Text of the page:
Banking and Finance Law Daily TRID Integrated Disclosure gets attention in efforts to reduce regulatory burden
Friday, October 2, 2020

TRID Integrated Disclosure gets attention in efforts to reduce regulatory burden

By Colleen M. Svelnis, J.D.

The Bureau released the results of its assessment of its TRID Integrated Disclosure Rule, while the Fed looks at relieving its regulatory burden on community banks.

The Consumer Financial Protection Bureau has published a report containing the results of its assessment of the Bureau’s Integrated Disclosure under the Real Estate Settlement Procedures Act (RESPA) and the Truth in Lending Act (TILA), also known as TRID. The assessment found that the TRID Rule made progress towards several of its goals. The purposes of the rule are facilitating compliance with disclosure requirements and helping borrowers better understand mortgage transactions. According to the Bureau, the evidence available for the assessment indicates that the TRID Rule improved consumers’ ability to locate key information, compare terms and costs between initial disclosures and final disclosures, and compare terms and costs across mortgage offers.

The CFPB stated that the evidence was mixed, leaning positive on whether the rule improved consumer understanding of forms. The assessment also found that the rule resulted in sizeable implementation costs for companies. The report examined potential effects on a range of market outcomes, such as interest rates and origination volumes, and found either no change or relatively short-lived changes in these measures around the rule’s effective date.

The Bureau also released a Data Point, How Mortgages Change Before Origination, by the Bureau’s Office of Research, examining how the terms and costs of a mortgage loan may change during the origination process as reflected in the Loan Estimate and Closing Disclosure forms provided to borrowers pursuant to the TRID Rule.

The TRID Rule updated how federal laws governing mortgage disclosure forms were implemented, including by combining previously separate and overlapping disclosure forms. In putting together the Data Point report, the Bureau looked at mortgages originated after the TRID Rule took effect. Because of that, it does not address how the TRID Rule may have changed the size, prevalence, and timing of changes in mortgage terms. However, the Bureau notes in the report that, when possible, the report includes data from other sources that allow for comparisons before and after the TRID Rule took effect.

Under TILA-RESPA, both a Loan Estimate and Closing Disclosure are required to be provided for closed-end consumer credit transactions secured by real property or a cooperative unit. The rule requires the creditor or mortgage broker to give the Loan Estimate to the consumer within three business days after the consumer applies for a mortgage. The report states that, according to survey data, "the TRID Rule appears to have resulted in consumers receiving their Closing Disclosures a number of days earlier than when pre-TRID consumers typically received HUD-1 settlement statements." But it was not clear if it resulted in potential borrowers receiving their first disclosure form sooner.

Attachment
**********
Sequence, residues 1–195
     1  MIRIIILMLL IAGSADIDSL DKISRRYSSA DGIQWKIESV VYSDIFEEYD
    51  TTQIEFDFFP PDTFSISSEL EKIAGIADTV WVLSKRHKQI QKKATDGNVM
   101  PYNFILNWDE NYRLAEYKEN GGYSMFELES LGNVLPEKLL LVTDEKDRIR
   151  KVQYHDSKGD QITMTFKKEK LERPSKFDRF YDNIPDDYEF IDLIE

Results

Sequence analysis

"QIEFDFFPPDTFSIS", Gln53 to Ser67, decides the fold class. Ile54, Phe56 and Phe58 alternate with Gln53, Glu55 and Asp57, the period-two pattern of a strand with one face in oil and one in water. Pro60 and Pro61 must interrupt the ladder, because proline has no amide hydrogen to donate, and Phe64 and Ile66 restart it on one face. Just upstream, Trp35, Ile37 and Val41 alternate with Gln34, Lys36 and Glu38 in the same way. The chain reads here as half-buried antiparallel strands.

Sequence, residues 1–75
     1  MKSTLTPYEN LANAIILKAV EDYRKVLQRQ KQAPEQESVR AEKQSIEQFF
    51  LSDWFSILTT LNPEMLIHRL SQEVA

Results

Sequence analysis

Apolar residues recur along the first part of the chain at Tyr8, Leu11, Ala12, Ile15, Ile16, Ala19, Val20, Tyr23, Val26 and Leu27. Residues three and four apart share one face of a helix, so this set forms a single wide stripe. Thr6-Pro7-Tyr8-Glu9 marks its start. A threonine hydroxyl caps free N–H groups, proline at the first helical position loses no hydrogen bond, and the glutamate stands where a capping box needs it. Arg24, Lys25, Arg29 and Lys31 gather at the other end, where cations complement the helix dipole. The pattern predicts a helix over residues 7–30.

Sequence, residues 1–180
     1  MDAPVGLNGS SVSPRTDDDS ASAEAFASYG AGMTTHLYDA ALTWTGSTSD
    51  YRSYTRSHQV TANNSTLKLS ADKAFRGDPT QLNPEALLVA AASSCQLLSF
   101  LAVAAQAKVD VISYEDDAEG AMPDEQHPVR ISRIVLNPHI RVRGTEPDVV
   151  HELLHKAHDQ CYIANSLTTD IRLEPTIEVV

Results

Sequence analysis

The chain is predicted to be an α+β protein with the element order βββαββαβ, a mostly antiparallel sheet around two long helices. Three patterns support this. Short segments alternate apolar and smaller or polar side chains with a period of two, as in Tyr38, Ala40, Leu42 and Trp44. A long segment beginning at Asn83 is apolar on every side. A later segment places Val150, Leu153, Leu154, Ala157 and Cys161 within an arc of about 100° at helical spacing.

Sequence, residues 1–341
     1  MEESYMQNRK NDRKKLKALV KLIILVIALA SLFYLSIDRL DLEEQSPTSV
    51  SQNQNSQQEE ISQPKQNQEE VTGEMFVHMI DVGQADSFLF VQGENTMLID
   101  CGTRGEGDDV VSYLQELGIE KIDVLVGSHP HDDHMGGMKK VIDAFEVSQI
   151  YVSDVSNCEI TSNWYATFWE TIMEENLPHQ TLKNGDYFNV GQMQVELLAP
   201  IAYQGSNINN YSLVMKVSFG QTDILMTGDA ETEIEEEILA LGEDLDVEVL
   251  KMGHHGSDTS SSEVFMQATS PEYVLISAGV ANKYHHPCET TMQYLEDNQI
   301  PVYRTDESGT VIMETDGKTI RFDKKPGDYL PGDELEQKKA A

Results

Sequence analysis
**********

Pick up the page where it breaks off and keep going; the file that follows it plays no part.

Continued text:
Reducing regulatory burden. Federal Reserve Board Governor Michelle W. Bowman spoke about community banking and homeownership in her remarks during a roundtable discussion at a virtual Montana State University event on TRID. Bowman’s speech, Mortgage Market Regulation and Access to Mortgage Credit, focused on opportunities and challengers for homeownership, discussed community bankers and their response to the Coronavirus pandemic, and examined ways to ease regulatory burden on community banks.

Bowman spoke about how home mortgage lending has become more complicated and stated that one of the most significant challenges facing community bankers is navigating the complex regulatory framework. She stated that, along with tightened lending standards, "this trend has made it harder for middle- and lower-income borrowers to obtain mortgage credit since the global financial crisis." Bowman discussed work way to relieve the regulatory burden, noting that TRID is one of the real estate regulatory requirements that smaller banks cite most frequently as creating a heavy burden.

ICBA statement. Independent Community Bankers of America (ICBA) President and CEO Rebeca Romero Rainey issued a statement on the Montana State University event, and revealed that the association is joining the Fed and CFPB in "a collaborative effort to test certain community bank-inspired improvements to the TILA-RESPA Integrated Disclosure Rule through the CFPB's Trial Disclosure Sandbox." According to Romero Rainey, the ICBA "looks forward to working with the Fed and CFPB and using the 'Sandbox' to improve the TRID process for smaller community bank lenders, which will help make mortgage credit more available in local communities."

Romero Rainey noted that "for many borrowers, mortgage rules released by the CFPB in recent years have restricted mortgage lending at smaller community banks. TRID has been of particular concern to community banks because it is overly prescriptive and costly, which has led to closing delays for borrowers, less clarity for consumers, and driving many smaller community banks out of mortgage lending altogether—cutting off access to critical credit in local communities."

Companies: Independent Community Bankers of America

MainStory: TopStory BankingOperations CFPB CommunityDevelopment FederalReserveSystem Loans Mortgages RESPA TruthInLending

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